History Files



Chinese Map Claims Americas

BBC News, 13 January 2006

A map unveiled in Beijing and London may lend weight to a theory a Chinese admiral discovered America before Christopher Columbus.

The map, which shows North and South America, apparently states that it is a 1763 copy of another map made in 1418.

If true, it could imply Chinese mariners discovered and mapped America decades before Columbus' 1492 arrival.

The map, which is being dated to check it was made in 1763, faces a lot of scepticism from experts.

Chinese characters written beside the map say it was drawn by Mo Yi Tong and copied from a map made in the sixteenth year of the Emperor Yongle, or 1418.

It clearly shows Africa and Australia. The British Isles, however, are not marked.

Controversial claim

The map was bought for about $500 (250 or 360) from a Shanghai dealer in 2001 by a Chinese lawyer and collector, Liu Gang.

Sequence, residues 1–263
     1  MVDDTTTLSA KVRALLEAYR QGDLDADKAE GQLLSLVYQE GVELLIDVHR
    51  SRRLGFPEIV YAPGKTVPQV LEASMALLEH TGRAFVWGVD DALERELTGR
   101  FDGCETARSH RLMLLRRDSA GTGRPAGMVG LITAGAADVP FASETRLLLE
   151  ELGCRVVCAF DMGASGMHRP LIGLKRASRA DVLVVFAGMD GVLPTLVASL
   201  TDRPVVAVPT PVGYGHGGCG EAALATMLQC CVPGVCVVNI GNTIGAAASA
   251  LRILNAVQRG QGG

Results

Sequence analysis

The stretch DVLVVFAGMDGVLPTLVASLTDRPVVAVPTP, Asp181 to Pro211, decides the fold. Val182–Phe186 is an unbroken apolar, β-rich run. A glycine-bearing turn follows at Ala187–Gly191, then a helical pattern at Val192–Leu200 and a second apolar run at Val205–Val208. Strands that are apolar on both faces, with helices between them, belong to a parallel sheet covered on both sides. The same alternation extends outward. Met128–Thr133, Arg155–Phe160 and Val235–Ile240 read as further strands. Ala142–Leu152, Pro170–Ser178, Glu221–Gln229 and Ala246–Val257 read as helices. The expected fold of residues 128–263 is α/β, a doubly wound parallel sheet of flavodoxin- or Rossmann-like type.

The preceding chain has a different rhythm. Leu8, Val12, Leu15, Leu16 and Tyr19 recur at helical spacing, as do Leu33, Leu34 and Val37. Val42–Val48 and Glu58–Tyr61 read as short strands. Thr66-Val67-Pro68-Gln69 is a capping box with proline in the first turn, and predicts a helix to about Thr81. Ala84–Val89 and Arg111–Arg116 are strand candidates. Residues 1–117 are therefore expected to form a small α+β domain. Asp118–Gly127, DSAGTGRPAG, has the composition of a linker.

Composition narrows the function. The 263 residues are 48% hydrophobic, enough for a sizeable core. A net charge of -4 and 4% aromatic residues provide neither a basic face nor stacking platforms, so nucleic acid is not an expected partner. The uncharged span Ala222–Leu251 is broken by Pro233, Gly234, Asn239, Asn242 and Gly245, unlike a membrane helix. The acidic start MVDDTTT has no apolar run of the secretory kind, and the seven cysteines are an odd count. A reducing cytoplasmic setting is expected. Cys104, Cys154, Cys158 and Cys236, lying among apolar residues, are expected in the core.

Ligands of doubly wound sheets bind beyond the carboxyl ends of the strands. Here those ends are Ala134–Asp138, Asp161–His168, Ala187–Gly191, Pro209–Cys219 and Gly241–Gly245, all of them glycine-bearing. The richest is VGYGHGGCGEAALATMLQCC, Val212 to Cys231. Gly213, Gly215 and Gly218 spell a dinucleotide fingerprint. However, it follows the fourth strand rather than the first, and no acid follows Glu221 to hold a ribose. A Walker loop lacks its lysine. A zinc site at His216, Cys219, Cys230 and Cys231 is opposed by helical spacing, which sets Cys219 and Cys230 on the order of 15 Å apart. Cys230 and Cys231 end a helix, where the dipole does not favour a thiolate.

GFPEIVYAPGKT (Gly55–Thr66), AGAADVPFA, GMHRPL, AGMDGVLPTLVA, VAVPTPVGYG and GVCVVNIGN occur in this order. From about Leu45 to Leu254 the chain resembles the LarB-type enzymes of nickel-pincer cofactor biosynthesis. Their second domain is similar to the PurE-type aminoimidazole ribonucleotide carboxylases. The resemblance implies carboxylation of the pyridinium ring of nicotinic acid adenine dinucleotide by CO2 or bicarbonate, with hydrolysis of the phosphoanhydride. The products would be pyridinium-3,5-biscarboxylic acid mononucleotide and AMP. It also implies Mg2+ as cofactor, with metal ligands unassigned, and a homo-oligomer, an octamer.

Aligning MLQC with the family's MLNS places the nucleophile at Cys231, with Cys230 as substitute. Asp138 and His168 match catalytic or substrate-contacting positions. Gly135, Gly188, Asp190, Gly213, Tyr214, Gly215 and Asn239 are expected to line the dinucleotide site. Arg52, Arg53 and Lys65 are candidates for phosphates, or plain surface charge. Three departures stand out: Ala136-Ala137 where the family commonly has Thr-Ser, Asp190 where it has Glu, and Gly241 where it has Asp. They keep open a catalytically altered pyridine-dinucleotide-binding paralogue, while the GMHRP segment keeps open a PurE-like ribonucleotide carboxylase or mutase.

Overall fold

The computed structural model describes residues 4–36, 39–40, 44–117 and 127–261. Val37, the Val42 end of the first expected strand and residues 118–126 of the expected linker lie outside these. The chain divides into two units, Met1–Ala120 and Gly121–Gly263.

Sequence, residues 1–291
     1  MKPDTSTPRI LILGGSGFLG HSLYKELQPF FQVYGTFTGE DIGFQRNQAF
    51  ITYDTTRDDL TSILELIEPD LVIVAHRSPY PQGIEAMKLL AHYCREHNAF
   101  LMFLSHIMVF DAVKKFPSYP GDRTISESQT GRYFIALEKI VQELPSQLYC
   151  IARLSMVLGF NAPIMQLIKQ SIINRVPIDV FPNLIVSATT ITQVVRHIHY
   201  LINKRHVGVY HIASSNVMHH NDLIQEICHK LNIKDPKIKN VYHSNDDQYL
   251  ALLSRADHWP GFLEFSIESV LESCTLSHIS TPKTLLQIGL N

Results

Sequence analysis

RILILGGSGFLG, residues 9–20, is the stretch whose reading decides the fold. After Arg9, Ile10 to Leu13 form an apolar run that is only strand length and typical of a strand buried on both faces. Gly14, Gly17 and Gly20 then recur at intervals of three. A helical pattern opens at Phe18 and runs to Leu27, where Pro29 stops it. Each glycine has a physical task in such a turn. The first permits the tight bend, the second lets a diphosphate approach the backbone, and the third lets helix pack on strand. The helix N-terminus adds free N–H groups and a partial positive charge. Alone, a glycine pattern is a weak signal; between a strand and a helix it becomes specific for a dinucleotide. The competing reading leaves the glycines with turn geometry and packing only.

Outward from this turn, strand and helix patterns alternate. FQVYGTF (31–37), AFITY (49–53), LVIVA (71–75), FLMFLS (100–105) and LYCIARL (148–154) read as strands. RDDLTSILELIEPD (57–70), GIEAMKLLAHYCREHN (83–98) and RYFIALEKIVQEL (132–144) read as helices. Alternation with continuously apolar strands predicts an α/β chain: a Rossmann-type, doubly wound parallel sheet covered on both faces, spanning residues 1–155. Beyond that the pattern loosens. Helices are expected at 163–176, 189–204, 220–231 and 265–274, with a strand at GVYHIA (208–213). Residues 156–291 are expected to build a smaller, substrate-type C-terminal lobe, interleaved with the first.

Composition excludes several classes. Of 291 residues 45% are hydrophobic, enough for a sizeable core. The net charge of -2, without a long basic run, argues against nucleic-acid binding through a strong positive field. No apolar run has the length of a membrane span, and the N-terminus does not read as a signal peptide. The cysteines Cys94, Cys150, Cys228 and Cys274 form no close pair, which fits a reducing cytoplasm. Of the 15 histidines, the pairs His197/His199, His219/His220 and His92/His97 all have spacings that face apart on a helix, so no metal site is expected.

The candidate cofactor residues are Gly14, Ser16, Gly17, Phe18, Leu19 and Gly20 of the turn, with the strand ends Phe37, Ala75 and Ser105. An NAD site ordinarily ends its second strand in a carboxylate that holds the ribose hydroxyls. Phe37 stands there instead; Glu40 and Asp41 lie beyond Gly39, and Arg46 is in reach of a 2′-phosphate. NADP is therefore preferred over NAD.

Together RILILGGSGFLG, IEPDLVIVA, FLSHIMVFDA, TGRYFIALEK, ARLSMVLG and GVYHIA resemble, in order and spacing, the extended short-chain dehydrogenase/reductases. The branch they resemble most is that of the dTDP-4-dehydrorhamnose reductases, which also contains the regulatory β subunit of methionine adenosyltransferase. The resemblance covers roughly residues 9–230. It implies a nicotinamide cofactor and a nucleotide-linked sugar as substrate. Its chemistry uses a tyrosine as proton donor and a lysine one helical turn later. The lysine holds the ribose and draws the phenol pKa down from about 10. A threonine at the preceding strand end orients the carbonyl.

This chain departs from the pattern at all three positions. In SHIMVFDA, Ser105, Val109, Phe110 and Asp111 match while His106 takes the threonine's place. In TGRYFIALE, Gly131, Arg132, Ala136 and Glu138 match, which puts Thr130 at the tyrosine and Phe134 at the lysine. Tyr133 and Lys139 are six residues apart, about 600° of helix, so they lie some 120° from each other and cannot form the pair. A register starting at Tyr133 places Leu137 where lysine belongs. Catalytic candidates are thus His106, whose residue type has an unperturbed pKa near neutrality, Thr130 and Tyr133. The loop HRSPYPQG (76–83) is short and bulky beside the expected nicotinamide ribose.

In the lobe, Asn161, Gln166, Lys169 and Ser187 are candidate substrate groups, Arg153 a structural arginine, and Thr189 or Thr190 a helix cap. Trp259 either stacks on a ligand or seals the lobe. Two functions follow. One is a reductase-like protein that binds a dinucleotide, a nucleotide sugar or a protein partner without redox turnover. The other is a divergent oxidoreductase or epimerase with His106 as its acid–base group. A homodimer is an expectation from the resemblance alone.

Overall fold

According to the Economist magazine, Mr Liu only became aware of the map's potential significance after he read a book by British author Gavin Menzies.

The book, '1421: The Year China discovered the World,' made the controversial claim that a Chinese admiral and eunuch, Zheng He, sailed around the world and discovered America on the way.

Zheng He, a Muslim mariner and explorer, is widely thought to have sailed around South East Asia and India, but the claim he visited America is hotly disputed.

The map is now being tested to check the age of its paper and ink, with the results due to be known in February.

Even if it does prove to have been drawn in 1763, sceptics will point out that we still only have the mapmaker's word that he copied if from a 1418 map, rather than from a more recent one.

Chinese map

The map clearly shows the Americas and Africa

Image The Economist/PA

View image


Images and text copyright BBC or affiliates. Reproduction is made on a 'fair dealing' basis for the purpose of disseminating relevant information to a specific audience. No breach of copyright is intended or inferred.